In contrast to Gabe’s gentle ways, Alex is outspoken, cocky and frequently cutting. Poor guy has one of the worst cases of acne I’ve ever seen, and it doesn’t help that he’s short, with skin and hair that is almost the same colour white. He is a genius with computers though—probably due to all the time spent cracking internet blocks, placed on his PC by his parents. He gets under my skin, and sometimes I wish he would lay off the nasty comments, but I still like him, and in those rare moments when you see his vulnerable side he’s actually quite nice.
I’m really lucky having such a great group of friends, but it’s always been Michael who I consider to be my best friend.
Michael's eyebrows dipped further as he waited for me to reply; I’d been staring at him for a good ten seconds. I opened my aching mouth to speak, but nothing came out, instead my chin began to quiver.
‘Jade, you’re starting to worry me.’ His soft voice broke my last defence and the skin on my cheek registered the cool trail of a single tear. ‘Come on,’ he said, taking my hand. He led me back through the gates to a nearby bench hidden behind jacaranda trees. They had bloomed early this year and the distinctive purple flowers carpeted the ground.
‘Sit,’ he instructed.
I looked down at his hand still holding mine tightly. In all the time I’d known him, we’d never touched like this; there’d occasionally been a hug if one of us was going away, but that’d been it.
He released his grip as though sensing my confusion. ‘Please sit,’ he said more gently.
I relented, and we sat down together. The faint smell of his soap, and the warmth of his knee resting against mine, were more comforting than I liked to admit.
He smiled gently. ‘Look, I’m not really sure how to do this, us guys kinda suck at this sort of thing, but since we have no other option, you’re not going anywhere till you tell me what happened. And if you need to have a bit of a cry, then go for it. As long as you don't wipe your snotty face on my jumper or anything.’
I huffed with amusement despite myself, and his lopsided grin deepened the grooves around his mouth. ‘Fine,’ I said with a sigh. ‘I had a slight misunderstanding with Tall Jade. I accidentally knocked into her while she was talking to Zach Davies.’
Michael grimaced. ‘Made her look like a fool in front of wonder boy, did we?’
‘She spilt half a bottle of water on him.’
His grimace increased. ‘I can see she took it well.’
‘You could say that,’ I said tentatively touching my lip. ‘Not sure it’s over either.’
His face paled. ‘Did she say that?’
Resolution tightened his jaw. ‘Well, looks like I’m going to be hanging out with you a lot more then, doesn’t it?’
Our eyes met; a fierce determination tightened his mouth, and I honestly believed he wanted to protect me. A warm bubbling invaded my stomach catching me off guard. I looked away, confused by the heat flooding my face. I held my breath to help calm down. This was stupid; this was Michael my best friend and nothing else. He was annoying, a torment, and more like a brother than anything else. The moment became exponentially uncomfortable; I had to say something before he realised.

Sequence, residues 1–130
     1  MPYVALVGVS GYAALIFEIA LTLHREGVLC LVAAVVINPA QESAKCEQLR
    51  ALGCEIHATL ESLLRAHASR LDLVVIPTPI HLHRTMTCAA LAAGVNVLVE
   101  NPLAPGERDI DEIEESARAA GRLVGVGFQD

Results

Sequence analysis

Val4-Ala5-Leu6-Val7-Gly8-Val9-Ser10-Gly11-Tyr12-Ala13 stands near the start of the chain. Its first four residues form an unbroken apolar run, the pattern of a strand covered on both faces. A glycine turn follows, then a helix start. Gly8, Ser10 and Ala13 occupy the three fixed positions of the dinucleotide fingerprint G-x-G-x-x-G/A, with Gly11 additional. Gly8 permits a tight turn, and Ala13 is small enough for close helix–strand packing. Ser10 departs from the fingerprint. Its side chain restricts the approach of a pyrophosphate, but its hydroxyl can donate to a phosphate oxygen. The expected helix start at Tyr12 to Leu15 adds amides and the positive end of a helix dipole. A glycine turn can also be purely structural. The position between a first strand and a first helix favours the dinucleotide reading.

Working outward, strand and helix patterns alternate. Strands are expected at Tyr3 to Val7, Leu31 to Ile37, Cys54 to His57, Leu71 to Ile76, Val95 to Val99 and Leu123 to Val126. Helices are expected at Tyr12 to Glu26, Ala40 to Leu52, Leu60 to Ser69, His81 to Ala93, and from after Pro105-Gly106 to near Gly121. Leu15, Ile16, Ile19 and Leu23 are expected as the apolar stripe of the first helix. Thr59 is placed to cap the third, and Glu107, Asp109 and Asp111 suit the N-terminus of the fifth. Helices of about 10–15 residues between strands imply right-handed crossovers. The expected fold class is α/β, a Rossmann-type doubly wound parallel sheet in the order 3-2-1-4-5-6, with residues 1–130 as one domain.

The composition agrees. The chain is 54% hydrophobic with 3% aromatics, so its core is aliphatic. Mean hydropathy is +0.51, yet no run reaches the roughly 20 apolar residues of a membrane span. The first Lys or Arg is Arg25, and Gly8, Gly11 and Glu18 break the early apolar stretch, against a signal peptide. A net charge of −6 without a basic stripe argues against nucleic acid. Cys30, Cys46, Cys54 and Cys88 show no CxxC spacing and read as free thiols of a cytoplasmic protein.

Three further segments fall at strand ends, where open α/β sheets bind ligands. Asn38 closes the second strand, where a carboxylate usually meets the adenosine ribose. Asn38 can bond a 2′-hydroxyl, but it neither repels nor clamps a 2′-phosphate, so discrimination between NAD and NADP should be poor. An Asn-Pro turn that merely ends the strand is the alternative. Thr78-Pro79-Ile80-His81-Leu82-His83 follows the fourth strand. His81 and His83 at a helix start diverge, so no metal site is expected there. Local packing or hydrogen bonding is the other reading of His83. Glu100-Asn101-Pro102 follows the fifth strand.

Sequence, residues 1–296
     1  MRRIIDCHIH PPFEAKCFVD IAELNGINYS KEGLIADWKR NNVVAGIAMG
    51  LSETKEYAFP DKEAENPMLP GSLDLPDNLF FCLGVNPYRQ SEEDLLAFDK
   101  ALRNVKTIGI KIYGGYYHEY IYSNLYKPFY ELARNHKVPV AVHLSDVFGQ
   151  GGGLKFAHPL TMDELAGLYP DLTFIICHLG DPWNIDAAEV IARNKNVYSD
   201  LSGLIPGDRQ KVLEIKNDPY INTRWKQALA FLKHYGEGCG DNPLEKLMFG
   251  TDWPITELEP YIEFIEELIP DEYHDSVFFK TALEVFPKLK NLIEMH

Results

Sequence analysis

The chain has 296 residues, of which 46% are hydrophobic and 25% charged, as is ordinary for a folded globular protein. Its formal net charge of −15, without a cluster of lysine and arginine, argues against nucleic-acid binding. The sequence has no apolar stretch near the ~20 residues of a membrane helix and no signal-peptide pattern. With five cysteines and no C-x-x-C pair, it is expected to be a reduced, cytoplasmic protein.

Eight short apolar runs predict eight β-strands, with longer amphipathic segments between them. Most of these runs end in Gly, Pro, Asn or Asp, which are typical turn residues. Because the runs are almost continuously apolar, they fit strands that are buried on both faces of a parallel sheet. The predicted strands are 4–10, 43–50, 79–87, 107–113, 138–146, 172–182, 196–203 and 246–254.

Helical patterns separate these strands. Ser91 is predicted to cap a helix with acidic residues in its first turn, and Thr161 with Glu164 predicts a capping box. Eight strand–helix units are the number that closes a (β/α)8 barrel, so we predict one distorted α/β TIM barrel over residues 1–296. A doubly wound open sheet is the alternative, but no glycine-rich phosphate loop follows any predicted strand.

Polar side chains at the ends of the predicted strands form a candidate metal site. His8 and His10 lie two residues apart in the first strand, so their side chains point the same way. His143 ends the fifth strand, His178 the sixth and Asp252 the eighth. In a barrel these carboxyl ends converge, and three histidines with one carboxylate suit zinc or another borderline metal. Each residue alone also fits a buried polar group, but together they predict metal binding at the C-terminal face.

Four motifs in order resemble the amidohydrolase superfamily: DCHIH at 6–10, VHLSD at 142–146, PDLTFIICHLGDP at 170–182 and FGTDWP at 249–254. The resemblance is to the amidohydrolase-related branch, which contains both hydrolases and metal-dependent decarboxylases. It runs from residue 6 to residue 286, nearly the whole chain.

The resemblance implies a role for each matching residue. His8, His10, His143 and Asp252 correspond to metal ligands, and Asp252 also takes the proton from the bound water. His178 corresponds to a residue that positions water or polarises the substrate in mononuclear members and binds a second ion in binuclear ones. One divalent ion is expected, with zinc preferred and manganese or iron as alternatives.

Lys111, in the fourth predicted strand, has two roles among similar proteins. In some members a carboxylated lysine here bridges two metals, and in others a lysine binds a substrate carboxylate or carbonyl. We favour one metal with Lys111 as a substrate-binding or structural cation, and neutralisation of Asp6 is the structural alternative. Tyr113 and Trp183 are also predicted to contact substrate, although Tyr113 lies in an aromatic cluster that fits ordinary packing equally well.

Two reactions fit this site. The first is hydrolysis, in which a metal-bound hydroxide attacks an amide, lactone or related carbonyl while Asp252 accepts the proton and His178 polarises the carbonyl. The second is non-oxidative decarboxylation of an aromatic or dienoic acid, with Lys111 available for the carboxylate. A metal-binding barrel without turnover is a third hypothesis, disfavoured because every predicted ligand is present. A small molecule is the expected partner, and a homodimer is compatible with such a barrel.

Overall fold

‘I’m not sure which is worse, facing Tall Jade again or hanging with you.’
He chuckled. ‘You know you can be a right cow some days Jade Johnson.’
I peeked at him. I loved the way his face lit up when he teased me, darkening the colour of his already pink cheeks. ‘Takes one to know one.’
A contagious laugh erupted from him as he stood and offered a hand. ‘Come on, Bruce Lee, let’s get you home.’
We dropped by Michael’s house on the way home to borrow some of his mum’s makeup to hide my swollen lip. Michael didn’t exactly approve, but he knew better than to argue. As expected, the house was empty when we got there. His parents, Jenny and Otto, were both doctors who worked in a local practice, and they were rarely home before six. Michael always called them by their first names and they insisted I did the same.
His house was really nice; three levels of stark white, architect-designed perfection overlooking Pittwater Bay—a huge, sunken puddle rimmed by glamorous mansions and patches of mangroves. It always smelt of coffee and cinnamon, and the couches in the lounge were the comfiest in the world. It was pretty awesome, and I loved going there.
Jenny and Otto were great too; they’d even invited my parents over for dinner a few times. It was hilarious the first time they’d met. I’d told them Michael was adopted, but I’d neglected to mention that both his mum and dad were Asian. They certainly did look quite the family standing together with Michael’s nearly six-foot frame towering over Jenny and Otto’s five foot nothing. His green eyes clashed violently with the black of theirs, and his skin was a totally different shade of olive. The only common trait they all shared was their constant smile. I’d never met a family who got on so well; it was almost creepy.
After I’d finished disguising my lip—and helping myself to a good spray of Jenny’s delicious perfume to help cheer me up—, I threw my torn stockings and spot-cleaned jumper into my bag.
Michael was waiting near the front door. ‘I’m walking you home,’ he declared in a tone that rebuffed argument.
‘Okay,’ I muttered, even though my house was only three blocks away.